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Rowan Companies (NYSE:RDC)

Q1 2013 Earnings Call

May 01, 2013 11:00 am ET

Executives

Suzanne M. Spera - Director of Investor Relations

W. Matt Ralls - Executive Chairman, Chief Executive Officer and Chairman of Executive Committee

Thomas P. Burke - President and Chief Operating Officer

Mark A. Keller - Executive Vice President of Business Development

J. Kevin Bartol - Chief Financial Officer, Executive Vice President and Treasurer

Analysts

Byron K. Pope - Tudor, Pickering, Holt & Co. Securities, Inc., Research Division

Robin E. Shoemaker - Citigroup Inc, Research Division

Gregory Lewis - Crédit Suisse AG, Research Division

Andrea Sharkey - Gabelli & Company, Inc.

Waqar Syed - Goldman Sachs Group Inc., Research Division

David Wilson - Howard Weil Incorporated, Research Division

David C. Smith - Johnson Rice & Company, L.L.C., Research Division

Darren Gacicia - Guggenheim Securities, LLC, Research Division

Edward Muztafago - Societe Generale Cross Asset Research

Operator

Greetings, and welcome to the Rowan Companies First Quarter 2013 Earnings Results Conference Call. [Operator Instructions] As a reminder, this conference is being recorded.

It is now my pleasure to introduce your host, Suzanne Spera, Director of Investor Relations for Rowan Companies. Thank you, Suzanne. You may now begin.

Suzanne M. Spera

Thanks Kevin and good morning. I seem to hear an echo, hopefully I sound okay to everyone. Welcome to Rowan's first quarter 2013 earnings conference call.

Joining me on the call this morning are Matt Ralls, Chief Executive Officer; Tom Burke, President and Chief Operating Officer; Mark Keller, Executive Vice President, Business Development; and Kevin Bartol, Executive Vice President, Chief Financial Officer, who will have prepared comments.

Before Matt begins his remarks, I'd like to remind you that during the course of this conference call, forward-looking statements may be made within the meaning of the Private Securities Litigation Reform Act of 1995, including, without limitation, statements about the change in corporate structure, as well as statements as to the expectations, beliefs and future expected financial performance of the company that are based on current expectations and are subject to certain risks, trends and uncertainties that could cause actual results to differ materially from those projected by the company. Other relevant factors have been and will be disclosed in the company's filings with the SEC.

With that, I'll turn the call over to Matt.

W. Matt Ralls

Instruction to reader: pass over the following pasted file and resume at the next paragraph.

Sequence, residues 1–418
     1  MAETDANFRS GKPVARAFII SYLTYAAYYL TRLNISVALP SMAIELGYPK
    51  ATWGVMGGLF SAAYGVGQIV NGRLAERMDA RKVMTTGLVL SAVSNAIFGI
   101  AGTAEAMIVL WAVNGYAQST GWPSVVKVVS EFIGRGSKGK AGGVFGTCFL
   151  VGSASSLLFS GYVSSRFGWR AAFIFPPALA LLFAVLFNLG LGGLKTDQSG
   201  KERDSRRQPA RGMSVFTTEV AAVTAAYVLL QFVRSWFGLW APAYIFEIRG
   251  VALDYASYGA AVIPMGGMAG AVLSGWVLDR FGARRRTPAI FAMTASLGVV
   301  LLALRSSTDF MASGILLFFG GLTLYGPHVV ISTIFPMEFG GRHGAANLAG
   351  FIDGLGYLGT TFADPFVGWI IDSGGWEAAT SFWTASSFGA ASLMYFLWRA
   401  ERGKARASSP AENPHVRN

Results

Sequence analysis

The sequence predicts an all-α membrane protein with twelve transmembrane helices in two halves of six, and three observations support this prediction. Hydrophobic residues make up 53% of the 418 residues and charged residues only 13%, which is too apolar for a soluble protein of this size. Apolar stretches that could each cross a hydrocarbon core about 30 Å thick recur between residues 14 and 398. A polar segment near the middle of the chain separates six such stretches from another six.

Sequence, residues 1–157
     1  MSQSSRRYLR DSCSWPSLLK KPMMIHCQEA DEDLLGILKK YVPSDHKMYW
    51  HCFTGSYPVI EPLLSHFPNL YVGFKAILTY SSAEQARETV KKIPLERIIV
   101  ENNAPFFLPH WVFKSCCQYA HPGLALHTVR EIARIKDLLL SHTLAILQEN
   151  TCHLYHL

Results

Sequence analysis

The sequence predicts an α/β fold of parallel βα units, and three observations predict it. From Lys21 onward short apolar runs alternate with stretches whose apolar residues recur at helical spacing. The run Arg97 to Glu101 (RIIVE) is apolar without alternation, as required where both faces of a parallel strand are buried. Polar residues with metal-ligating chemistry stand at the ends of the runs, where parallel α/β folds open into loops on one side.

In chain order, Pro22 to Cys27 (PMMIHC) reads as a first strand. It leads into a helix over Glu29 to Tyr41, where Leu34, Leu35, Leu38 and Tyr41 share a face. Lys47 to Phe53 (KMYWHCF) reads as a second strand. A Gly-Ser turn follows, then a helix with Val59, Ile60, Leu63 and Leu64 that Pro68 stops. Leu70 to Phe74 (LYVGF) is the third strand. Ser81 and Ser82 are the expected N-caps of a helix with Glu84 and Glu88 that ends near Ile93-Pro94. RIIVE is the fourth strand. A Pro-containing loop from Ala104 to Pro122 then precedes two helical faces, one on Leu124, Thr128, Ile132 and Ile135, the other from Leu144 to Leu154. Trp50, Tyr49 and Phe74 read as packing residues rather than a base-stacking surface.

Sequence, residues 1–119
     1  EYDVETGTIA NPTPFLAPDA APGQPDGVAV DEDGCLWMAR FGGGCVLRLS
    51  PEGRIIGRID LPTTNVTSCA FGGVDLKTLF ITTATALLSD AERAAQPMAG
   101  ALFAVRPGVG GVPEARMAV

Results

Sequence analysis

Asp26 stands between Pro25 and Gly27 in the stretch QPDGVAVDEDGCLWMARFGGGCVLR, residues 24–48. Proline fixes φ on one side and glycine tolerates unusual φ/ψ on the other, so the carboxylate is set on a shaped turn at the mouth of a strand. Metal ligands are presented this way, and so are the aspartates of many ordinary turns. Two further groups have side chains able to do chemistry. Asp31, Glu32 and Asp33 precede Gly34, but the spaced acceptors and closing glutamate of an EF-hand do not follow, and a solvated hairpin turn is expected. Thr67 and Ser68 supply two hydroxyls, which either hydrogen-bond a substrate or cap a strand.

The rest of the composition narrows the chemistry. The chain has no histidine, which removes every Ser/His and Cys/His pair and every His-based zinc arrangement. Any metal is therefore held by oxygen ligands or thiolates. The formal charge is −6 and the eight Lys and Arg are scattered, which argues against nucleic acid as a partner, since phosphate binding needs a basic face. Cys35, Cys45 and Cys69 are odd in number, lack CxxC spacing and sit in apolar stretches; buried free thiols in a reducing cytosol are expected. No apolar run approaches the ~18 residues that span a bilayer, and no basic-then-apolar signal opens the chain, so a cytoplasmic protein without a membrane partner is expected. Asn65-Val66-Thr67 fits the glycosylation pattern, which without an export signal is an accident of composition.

Thanks, Suzanne, and good morning, everyone. I'll make some brief comments before turning the call over to others for more detailed comments.

Before I do that, I want to acknowledge the recent passing of Scooter Yeargain, who played a major role in Rowan management from the 1950s to the 1990s, retiring as Executive Vice President in 1991 and serving as a Rowan director from 1975 to 1999. Scooter was a major influence in this company and touched a lot of lives. He will be remembered with great respect and affection.

I also want to note that this month marks the 90th anniversary of the company's founding, quite a rare accomplishment in an industry with cyclical swings experienced by offshore drillers over the past several decades.

Turning to our results, we had a good first quarter of 2013, reporting earnings of $0.55 a share compared to consensus expectations of $0.53.

We had solid operational performance during the quarter, with operational downtime at the lowest levels we've seen in the last few years. Cost of operations were in line with previous guidance, excluding the impact of reimbursables, that we will be essentially reaffirming prior guidance for the full year adjusted for the deferral of the Gorilla VII's shipyard visit until next year. While we will now book cost for that rig that otherwise would've been deferred, we'll also realize higher revenues in 2013 and, accordingly, improved earnings and margins.

Mark will give you more detail in a moment, so I'll just say that we see continued strengthening in the jack-up markets, especially for high-spec jack-ups. We've also seen some attractive fixtures recently in the ultra-deepwater market and are having encouraging conversations with several operators regarding contracting opportunities for our 3 uncontracted drillships. We remain optimistic about getting commitments for those vessels in the coming months.

I'll now turn it over to Tom for a brief operational update.

Thomas P. Burke

Thanks, Matt, and good morning. Overall, we delivered a good quarter with the results in line with our operating plan. We had a strong safety performance, lower than projected operational downtime and out of service date, about as planned.

Highlights in the first quarter included the following: In late February, the J.P. Bussell returned to service in Malaysia. On March 22, senior management and our Board of Directors attended the launching of our first ultra-deepwater drillship, the Rowan Renaissance, in Ulsan, South Korea. The rig is scheduled for delivery at the end of this year, going on contracts in the first quarter of next year with Repsol in West Africa.